A welcome data sharing tool or an intrusion into valuable relationships? Attitudes of academic staff to a CRM for engagement

Irene Sheridan
Cork Institute of Technology

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Sharon Lehane
Cork Institute of Technology

Victoria O'Connor
Cork Institute of Technology

Engagement with external organisations and enterprises is increasingly part of the higher education mission and the contribution of universities to local and regional economic and social development remains an important, but difficult to evidence, metric for Higher Education Institutions (HEI). In Ireland, several Department of Education policy publications as well as the agency with responsibility for funding higher education, focus on the benefits of collaboration and interactions - whether in research or learning - with external organisations and individuals. Higher Education organisations, however, are often not structured to well-support or evidence the value of such interactions. Academic and research units can operate as separate and sometimes competing entities from the perspective of the external partner. One exploration of engagement interactions found that a HEI might be involved with an organisation for undergraduate internships or workplacements, customised learning and continuing professional developments, funded research projects, guest lectureships, graduate recruitment, sponsorship and endowments simultaneously through a number of different academic departments and research units. Following a considerable effort over a number of years detailed mapping exercises have taken place to illustrate the extent of such relationships between Cork Institue of Technology and external organisations. These mappings have found that there was no single view of complex relationships extant within the HEI. Without a clear institutional view of the depth and breadth of engagement interactions, it is difficult to achieve any organisation learning or to develop potential strategies that might benefit from a more integrated response.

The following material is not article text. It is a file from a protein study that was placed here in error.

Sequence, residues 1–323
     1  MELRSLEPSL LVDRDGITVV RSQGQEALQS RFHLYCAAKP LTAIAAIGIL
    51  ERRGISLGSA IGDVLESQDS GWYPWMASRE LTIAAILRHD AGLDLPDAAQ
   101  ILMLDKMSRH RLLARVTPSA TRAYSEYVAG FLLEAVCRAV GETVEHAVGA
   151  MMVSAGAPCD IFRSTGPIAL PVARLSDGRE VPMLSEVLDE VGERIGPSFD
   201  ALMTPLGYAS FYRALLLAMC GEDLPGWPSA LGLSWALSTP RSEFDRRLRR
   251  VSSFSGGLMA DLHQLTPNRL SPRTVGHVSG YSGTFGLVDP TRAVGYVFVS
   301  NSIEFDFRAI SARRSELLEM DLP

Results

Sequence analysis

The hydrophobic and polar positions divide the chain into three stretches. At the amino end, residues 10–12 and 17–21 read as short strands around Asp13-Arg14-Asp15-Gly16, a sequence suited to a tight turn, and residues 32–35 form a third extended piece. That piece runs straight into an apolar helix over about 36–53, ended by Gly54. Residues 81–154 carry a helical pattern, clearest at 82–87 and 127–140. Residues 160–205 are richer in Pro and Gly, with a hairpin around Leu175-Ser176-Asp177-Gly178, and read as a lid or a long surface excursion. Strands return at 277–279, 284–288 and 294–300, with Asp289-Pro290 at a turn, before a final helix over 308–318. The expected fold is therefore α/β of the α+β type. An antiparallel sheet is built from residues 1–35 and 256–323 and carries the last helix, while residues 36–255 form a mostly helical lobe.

In recent years more institutions have become interested in the possibility of developing a customer relationship system to support case management and to provide reporting mechanisms for strategic, deliberate interventions. A pilot development of such a CRM began with the aim of developing a single Institute-wide shared database in which every point or event of interaction counts towards the overall company/enterprise experience in partnership with the higher education institution. Such a comprehensive system would have the advantage of providing the institute’s management with an informed overview of the complex relationship between the institute and external organisations. As well as providing an opportunity to understand analyse and nurture existing relationships it provides an informed strategic framework for the targeted development of new relationships.

However, such a change is not without challenges. This paper explores the attitudes of academic staff to the implementation of a Customer Relationship Management (CRM) system to support external engagement and to build business intelligence in a higher education institution in Ireland. Based on the experiences of the pilot introduction of the system a survey mechanism was developed to capture inputs and the paper provides the insights yielded through the analysis of the survey data. The findings are considered through the lens of relevant literature and the paper provides some signposting for higher education institutions considering such an approach.